Why Get a Flu Vaccine? Why Get a Flu Vaccine?

Flu vaccines work by generating antibodies that recognize the surface of various types of influenza viruses. As a person goes through life, they will be exposed to multiple strains of flu. Each year, more than one serotype can circulate in the community. As time goes on, a person who has natural contact with influenza viruses will develop an extensive library of memory antibodies. When exposed to a strain to which a person has immunity, there might be just a mild cold, or no symptoms at all.

Flu vaccines do not prevent a person from getting sick in the winter time. There are over 200 serologically separate respiratory viruses that people encounter on a routine basis. Flu vaccine will not prevent rhinoviruses, adenoviruses, coronoviruses, nor the common 'vomiting' viruses like rota and norwalk virus.

Some people think of "flu" as "stomach flu" with vomiting/diarrhea illness, or they think that any winter cold/cough was "flu". Some people can experience very mild forms of influenza. This is because the severity of illness is linked to how large an initial "innoculum" of virus a person was exposed to. For example, if someone on the other side of the room coughs, and a person inhales a few influenza particles, it is likely that his or her immune system can eradicate the virus without getting a fever or missing school.

Although mild forms of flu can be indistinguisable from a common cold, influenza has an ability to travel to the lungs and cause viral pneumonias, especially in the elderly. Throughout history, there have been strains of flu which are much more pathogenic. The dreaded Spanish flu of 1917-1918 had a virulence factor that was able to cause severe pulmonary injury in healthy young people. The reasons for the virulence of that flu are still being investigated.

Flu vaccines are especially helpful in infants and young children because it gives them some basic blocks to build upon. Each year's flu vaccine contains protein antigens found in two strains of influenza A and one strain of influenza B. Which strains are included is determined by a panel of experts. Sometimes the strain that comes into the community doesn't match the vaccine strain. However, immunity against one strain can augment the response against other strains, making the illness less severe.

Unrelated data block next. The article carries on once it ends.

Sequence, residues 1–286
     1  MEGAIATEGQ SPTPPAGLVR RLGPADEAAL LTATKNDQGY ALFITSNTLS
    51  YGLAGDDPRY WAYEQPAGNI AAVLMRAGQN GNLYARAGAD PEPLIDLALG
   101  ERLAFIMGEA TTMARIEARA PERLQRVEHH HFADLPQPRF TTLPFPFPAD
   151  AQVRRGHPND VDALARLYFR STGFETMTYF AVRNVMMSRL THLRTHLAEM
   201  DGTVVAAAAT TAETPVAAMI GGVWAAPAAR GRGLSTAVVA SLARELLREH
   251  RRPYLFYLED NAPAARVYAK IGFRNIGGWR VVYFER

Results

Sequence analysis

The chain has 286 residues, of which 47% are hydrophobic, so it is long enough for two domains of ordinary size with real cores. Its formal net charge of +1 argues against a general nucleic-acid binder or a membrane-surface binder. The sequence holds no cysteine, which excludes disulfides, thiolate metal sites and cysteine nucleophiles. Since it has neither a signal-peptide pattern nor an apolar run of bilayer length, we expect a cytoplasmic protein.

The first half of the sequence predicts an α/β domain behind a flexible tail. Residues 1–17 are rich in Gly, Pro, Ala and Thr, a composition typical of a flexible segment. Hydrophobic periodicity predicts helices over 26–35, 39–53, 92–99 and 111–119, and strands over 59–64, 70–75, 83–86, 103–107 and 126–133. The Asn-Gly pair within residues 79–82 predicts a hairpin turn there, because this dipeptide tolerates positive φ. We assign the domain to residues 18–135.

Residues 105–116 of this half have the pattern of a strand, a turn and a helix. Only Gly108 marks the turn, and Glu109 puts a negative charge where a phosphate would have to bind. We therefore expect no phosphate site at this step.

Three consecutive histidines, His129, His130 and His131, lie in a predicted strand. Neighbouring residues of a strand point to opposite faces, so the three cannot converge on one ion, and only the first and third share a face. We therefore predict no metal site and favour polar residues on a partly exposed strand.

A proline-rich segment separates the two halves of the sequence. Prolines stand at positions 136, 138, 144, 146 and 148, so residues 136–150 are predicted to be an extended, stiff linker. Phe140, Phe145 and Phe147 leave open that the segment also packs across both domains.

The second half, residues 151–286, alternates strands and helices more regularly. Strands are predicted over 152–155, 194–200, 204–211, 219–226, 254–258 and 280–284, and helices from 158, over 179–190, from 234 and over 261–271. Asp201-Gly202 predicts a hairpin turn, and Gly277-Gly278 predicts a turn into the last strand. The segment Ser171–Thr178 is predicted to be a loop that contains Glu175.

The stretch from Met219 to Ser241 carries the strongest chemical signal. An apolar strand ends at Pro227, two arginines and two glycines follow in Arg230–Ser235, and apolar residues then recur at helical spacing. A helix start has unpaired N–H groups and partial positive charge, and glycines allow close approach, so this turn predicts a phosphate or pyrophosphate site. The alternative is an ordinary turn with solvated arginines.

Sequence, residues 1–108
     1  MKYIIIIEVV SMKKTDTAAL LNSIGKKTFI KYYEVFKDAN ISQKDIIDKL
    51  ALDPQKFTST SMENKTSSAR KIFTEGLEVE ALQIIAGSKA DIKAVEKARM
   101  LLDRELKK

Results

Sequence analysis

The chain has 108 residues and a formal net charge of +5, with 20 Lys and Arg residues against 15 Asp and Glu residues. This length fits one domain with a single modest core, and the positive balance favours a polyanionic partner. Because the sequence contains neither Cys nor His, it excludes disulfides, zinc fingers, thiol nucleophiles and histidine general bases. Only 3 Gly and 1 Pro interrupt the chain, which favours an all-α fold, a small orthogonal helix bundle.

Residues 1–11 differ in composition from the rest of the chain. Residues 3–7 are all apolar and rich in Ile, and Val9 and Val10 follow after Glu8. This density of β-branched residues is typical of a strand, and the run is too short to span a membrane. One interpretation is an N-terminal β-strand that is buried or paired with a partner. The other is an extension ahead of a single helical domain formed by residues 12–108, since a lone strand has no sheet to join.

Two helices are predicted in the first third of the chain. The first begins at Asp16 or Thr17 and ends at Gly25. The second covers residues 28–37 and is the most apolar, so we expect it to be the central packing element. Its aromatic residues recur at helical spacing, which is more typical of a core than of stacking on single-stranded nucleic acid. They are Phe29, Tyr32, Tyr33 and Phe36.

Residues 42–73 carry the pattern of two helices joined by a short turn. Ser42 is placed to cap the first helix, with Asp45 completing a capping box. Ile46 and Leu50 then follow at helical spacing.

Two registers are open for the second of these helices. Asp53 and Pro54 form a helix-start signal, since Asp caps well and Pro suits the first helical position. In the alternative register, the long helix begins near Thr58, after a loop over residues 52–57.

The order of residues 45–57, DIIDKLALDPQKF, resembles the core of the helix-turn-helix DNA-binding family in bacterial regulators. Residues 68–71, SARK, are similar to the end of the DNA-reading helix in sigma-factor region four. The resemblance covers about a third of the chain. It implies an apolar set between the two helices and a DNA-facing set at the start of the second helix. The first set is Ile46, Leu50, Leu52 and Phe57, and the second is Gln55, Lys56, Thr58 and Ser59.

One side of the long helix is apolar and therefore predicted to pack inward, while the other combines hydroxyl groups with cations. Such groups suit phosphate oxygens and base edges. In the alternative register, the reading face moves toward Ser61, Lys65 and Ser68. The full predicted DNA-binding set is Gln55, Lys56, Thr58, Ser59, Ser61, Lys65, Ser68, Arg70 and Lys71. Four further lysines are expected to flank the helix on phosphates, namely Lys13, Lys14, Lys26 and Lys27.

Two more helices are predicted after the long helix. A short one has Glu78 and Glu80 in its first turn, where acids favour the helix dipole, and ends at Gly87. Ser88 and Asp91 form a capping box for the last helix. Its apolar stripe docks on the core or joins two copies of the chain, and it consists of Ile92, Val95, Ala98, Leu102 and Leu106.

Children have excellent immunological memory and even if the strain of flu present in the vaccine doesn't appear in a given year, the vaccine is not wasted. Some of the immune response cells will turn into memory T cells that can be mobilized upon exposure to that strain years later. A flu vaccine given to a toddler can help minimize illness to that strain when the child is in high school or college.

Some groups who can specially benefit from flu vaccine

Infants (6 months +)

In the first few months, placental antibodies can help the infant, but then the baby has to build up their own. Besides experiencing their first exposure to illnesses, people tend to hold them close and pass them around a room. Adults and older kids who are not 'sick' can unknowingly pass a virus through hand contact or kissing the baby.

Preschoolers

They get exposed to an enormous number of respiratory viruses and are not inhibited about coughing into each others' faces. When influenza comes into a community, nursery school children are usually the first ones to get it. Also, it lasts in their nasal secretions for a longer period of time.

College Students

They often get "run down" during the week and party on weekends. The flu season often coincides with exams, or the return home for the holidays.

Parents of Preschooler

Nursery school children will bring lots of germs home. When they start running a fever, they often climb into their parents' bed and cough on them all night. This gives the parents a much larger viral "innoculum" than if they had gotten exposed to flu at an office party shaking someone's hands. If the parents are also sleep deprived, or stressed at work, they're more likely to get more of an illness.

Elderly people exposed to young children

It is thought that a person's childhood-derived flu antibodies start to "fade" as they get into their 60's, 70's. Also, many older people have associated medical problems that make them more susceptible to pneumonia from flu.

Typical Family Scenario of influenza

The three year old comes home from school with a new strain of flu. He was fine in the morning, but spiked a 103 fever out of the blue in the afternoon. As the week goes on, the grammar school child (who has memory antibodies against that strain), just gets a 'sore throat' and one day of low grade fever . The eight month old also spikes a 103 fever and a croupy cough followed by an ear infection a few days later. The sleep deprived mother gets a bad bronchitis (she had inhaled a large dose of flu virions from the coughing preschooler). The father, who goes on a business trip a few days later, feels flu like symptoms and then a sinusitis (a combination of sleep deprivation, stress, airplane travel). The family then goes to visit the grandparents, who because of age, have lost some of the memory cells towards flu. The preschooler coughs directly into grandpa's face and he develops a viral pneumonia.